While it has been clear for a long time that anger damages relationships, the health problems associated with anger have never been made as clear. Anger not only hurts your relationships, it can kill you.

Anger like Frank’s damages relationships more than any other single factor. It hurts loved ones, and creates mistrust. It has caused his own children to fear him. And it prevents him from getting underneath his anger to experience his own fears. For underneath all of his anger is fear. Fear of not being able to control his kids, or even a fear of failing completely in his life.

Frank, like many other men, keeps this a very private matter. A sense of failure and shame surrounds men who struggle with their temper. These feelings cause these angry outbursts to “stay in the family,” causing the cycle to stay the same, or even worsen. And the simple truth about men improving their anger is that it’s a matter of choice. It’s a choice to continue to alienate loved ones, and it’s a choice to take responsibility for your anger.   

Here are some options for men seeking to improve themselves:  

 

  • You are the only one who can make you angry—accept this responsibility and you’ve a come a long way towards getting better. 

  • Write down the irrational thinking that contributes to your anger (people should always treat me kindly, etc.). Ask yourself where you developed this thinking and give yourself some alternative thoughts that are more productive. 

  • Become more aware of tuning into your body when you begin to become angry. Deep diaphragmatic breathing is a great way to do this. The idea is to focus on you, not the “target” of the anger. 

  • Prepare yourself before a stressful situation and “practice” your new, calmer response to it. Be aware that it might take some time to feel comfortable with this new response. 

  • Find the stressors in your life that might be contributing to your anger—do what you can to reduce these stressors, and add some self-care into your life. 

When talking about health hazards for men, anger needs to be included alongside the other lifestyle factors that can shorten men’s lives. Managing your anger is a learnable skill, and it benefits everyone around you.

And just as importantly, it may save your life.

Warmly,

Mark Brandenburg

Mark Brandenburg MA, CPCC

How Does Breastfeeding Benefit Dad?

January 18, 2007 | 3 Comments

How Breastfeeding Benefits a Daddy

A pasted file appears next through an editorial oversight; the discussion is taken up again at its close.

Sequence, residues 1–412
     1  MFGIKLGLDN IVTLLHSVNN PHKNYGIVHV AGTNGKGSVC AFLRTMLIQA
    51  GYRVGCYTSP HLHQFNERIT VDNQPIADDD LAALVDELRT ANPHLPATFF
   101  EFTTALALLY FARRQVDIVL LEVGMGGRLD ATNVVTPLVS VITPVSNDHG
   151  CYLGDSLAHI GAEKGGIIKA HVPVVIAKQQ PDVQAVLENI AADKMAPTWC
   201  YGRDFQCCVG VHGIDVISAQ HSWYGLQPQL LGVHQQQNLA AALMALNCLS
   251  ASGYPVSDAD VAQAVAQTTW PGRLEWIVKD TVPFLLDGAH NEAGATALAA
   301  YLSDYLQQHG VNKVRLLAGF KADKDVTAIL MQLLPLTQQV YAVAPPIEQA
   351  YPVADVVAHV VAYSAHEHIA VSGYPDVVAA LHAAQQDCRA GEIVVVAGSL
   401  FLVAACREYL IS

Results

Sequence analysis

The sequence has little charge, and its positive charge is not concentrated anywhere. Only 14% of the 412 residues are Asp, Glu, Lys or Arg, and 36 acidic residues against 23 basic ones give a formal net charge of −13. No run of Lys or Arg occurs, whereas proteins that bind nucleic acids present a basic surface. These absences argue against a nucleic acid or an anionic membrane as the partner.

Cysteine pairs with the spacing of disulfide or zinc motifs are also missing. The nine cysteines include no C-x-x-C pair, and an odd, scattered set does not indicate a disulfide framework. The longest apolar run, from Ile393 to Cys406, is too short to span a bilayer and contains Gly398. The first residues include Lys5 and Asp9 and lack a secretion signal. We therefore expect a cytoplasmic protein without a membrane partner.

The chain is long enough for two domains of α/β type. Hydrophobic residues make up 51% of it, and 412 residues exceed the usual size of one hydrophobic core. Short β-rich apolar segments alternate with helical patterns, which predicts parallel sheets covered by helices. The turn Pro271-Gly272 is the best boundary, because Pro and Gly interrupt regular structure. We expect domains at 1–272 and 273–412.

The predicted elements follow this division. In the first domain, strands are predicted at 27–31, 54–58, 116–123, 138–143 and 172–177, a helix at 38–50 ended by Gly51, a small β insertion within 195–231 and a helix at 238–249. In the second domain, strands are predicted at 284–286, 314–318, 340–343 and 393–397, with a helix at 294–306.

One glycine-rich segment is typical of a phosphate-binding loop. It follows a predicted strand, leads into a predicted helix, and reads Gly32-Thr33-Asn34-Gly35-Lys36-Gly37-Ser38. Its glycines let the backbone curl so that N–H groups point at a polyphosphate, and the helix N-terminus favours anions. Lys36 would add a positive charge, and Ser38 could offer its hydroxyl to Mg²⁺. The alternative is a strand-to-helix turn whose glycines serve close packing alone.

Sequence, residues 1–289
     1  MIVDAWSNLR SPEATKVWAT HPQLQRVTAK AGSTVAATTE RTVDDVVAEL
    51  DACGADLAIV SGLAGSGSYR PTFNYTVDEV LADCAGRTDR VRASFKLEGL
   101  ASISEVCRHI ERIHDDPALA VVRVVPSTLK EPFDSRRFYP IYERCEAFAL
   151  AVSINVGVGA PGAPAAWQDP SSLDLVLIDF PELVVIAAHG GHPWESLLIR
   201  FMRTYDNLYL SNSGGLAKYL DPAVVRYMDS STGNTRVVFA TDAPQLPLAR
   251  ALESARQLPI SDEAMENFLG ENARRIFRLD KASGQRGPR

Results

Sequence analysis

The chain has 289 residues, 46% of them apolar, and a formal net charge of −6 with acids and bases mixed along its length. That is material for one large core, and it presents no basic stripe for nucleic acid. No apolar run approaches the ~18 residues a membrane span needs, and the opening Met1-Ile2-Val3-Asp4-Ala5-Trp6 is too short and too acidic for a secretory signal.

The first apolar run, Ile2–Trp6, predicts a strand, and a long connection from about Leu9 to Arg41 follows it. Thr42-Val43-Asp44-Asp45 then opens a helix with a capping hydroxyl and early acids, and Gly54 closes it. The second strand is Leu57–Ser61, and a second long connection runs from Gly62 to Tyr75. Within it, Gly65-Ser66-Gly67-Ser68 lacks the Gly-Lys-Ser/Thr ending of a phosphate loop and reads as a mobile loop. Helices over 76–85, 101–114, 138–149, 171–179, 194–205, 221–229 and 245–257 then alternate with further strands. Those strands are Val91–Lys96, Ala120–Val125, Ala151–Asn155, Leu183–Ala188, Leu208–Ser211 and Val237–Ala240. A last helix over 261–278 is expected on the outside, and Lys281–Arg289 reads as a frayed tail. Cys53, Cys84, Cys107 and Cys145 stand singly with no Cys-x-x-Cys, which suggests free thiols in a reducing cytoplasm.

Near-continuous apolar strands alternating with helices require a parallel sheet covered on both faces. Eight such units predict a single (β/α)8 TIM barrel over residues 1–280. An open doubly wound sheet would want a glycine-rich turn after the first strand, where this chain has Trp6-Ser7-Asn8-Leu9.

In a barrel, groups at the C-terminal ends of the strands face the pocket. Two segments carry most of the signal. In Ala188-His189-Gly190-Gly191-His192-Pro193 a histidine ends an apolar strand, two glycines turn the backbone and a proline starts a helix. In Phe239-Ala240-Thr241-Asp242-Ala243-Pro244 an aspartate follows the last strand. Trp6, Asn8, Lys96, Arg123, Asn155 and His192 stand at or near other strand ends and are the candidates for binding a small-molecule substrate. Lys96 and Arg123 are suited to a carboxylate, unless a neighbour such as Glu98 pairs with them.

You know that breastfeeding is best for mother and child, but what’s in it for Dad? Isn’t he going to miss out by not getting to share in the joy of feeding the baby? Let’s see how Dads benefit when a Mom chooses to breastfeed their child.

Cost Savings
This is a big one for Dad! Whether he’s the sole income provider or not, adding a new member to the family can be a source of worry for him. Let him in on the fact that one year of breastfeeding can keep over $1,000 in the family budget. That’s just for bottles and formula, that doesn’t include extra Doctor visits and prescriptions that happen when baby is formula fed.

More Sleep
Let’s face it. He doesn’t have the equipment to handle the job of night feedings. While some Moms choose to pump and let Dad offer a bottle at night, for many Moms, snuggling up with baby at night to nurse is the norm. In a lot of families, this means Dad can head off to work with a full night’s rest.

Proud Papa
When Dad sees how baby’s cheeks and thighs are filling out on Mom’s milk alone, he tends to view her as some kind of Dairy Queen. What an amazing capacity she has to help his child grow and thrive! Many Dads become huge proponents of breastfeeding when they see how healthy their babies are.

Health Benefits
Dads are especially impressed by the fact that breastfed babies gain an average of 8 IQ points over their formula fed counterparts. Breastfeeding also means that Mom is less likely to get ovarian or breast cancer. The extended nonfertility that many nursing Moms experience is also a plus in Dads book.

Focus on Mom
Since Mom is breastfeeding, Dad can find other ways to bond with baby and be a support to Mom. Some ideas: take baby for walks, burp and bathe baby, sing baby to sleep, massage baby and read to baby. He can also be in charge of helping Mom stay fed and hydrated in the early weeks while she recovers from the birth. And since Mom is handling the “input”, Dad can be in charge of “output”. Dads are far more likely to be willing to change diapers since a breastfed baby’s poop doesn’t have an unpleasant odor (until solid food is added!).

How does your baby’s Daddy feel about you breastfeeding?